The year is new enough, I believe, for us to look at the language we used in 2002 and resolve to get rid of a few words and phrases
The American Dialect Society has voted to call weapons of mass destruction the phrase of the year. This phrase is sometimes contracted to WMD. Of course this phrase has a horrible meaning that we wish we could banish, but if that's not possible, it would, for variety's sake, be good to find another way to express the terrible thought. Some other candidates for Word of the Year were regime change, and google as a verb (to search the Web using Google Search Engine).
Lake Superior State University publishes, each year, a list of words that should be "banished from the Queen's English for Mis-, Mal- or Over-Use as well as General Uselessness" For 2003, the university wants us to stop using material breach one person who nominated this phrase said it "suggests an obstetrical breach."
Undisclosed secret location This, the editors from LSSU describe as a "redundant stacking of adjectives. "
Weapons of Mass Destruction was also on the university's list.
Extreme We all have heard this applied to sports, to cars, to almost anything. LSSU calls it "The most over-used word in advertising and marketing. "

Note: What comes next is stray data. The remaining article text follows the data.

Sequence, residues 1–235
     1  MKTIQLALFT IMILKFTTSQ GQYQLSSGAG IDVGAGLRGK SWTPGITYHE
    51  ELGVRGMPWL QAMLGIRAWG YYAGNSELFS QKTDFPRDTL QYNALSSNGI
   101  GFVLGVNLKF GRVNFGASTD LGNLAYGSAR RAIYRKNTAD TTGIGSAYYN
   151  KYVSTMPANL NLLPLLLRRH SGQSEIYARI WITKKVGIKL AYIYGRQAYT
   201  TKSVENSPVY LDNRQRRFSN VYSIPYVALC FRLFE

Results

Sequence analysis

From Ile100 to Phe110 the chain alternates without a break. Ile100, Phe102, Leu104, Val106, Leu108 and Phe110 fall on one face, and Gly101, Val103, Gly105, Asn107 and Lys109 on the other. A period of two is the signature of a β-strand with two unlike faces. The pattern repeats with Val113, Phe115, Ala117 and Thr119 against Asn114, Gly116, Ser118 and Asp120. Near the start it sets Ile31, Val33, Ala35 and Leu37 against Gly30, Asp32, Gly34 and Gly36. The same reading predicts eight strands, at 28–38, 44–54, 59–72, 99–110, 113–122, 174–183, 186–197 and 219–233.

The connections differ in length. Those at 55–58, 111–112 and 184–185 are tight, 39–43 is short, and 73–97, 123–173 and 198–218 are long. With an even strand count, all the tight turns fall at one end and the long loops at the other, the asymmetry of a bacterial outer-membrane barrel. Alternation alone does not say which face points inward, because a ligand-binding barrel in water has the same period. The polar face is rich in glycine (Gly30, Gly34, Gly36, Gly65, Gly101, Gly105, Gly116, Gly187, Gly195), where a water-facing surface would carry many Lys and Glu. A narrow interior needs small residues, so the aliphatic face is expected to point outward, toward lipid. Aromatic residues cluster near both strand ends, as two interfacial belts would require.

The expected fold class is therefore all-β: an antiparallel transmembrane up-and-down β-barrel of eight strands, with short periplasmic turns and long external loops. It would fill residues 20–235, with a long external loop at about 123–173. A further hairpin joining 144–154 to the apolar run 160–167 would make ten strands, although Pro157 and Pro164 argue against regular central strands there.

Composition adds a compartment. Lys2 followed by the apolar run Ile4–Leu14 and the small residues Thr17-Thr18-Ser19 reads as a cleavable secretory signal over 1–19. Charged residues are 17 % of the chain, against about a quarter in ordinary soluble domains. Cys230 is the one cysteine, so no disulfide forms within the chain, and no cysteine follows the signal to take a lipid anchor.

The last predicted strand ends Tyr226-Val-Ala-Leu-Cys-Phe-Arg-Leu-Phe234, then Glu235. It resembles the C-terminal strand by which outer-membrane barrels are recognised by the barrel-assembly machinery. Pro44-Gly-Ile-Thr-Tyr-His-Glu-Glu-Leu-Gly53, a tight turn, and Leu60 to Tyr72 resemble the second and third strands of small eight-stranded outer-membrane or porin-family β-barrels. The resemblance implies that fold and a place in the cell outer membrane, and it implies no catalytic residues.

Rosie has several words she, personally, hopes to see less often in 2003. One of these is over, as in "Over 1,000 people saw the error in her column." The Associated Press Stylebook is a bit ambiguous about this usage, but each time a manuscript comes to my desk using this, I change it to more than. This, even though Webster's Dictionary of English Usage tells us that "Disapproval of more than is a hoary American newspaper tradition. "Over in the sense of more than has been used in English since the 14th century.
"There is no reason why you need to avoid this usage."
Another prejudice Rosie has cherished is dislike of less than rather than fewer than when describing individual items. Even though the AP Stylebook tells us not to do this, it is ubiquitous. This time, Webster's is in some agreement, saying that following the AP rule is better in most cases, but even here, it allows for exceptions.
Perhaps Rosie's nominations should be excluded from any banished list, but surely we can take to heart the Dialect Society and LSSU's lists. These lists can be found at www.americandialect.org and www.lssu.edu/banished.
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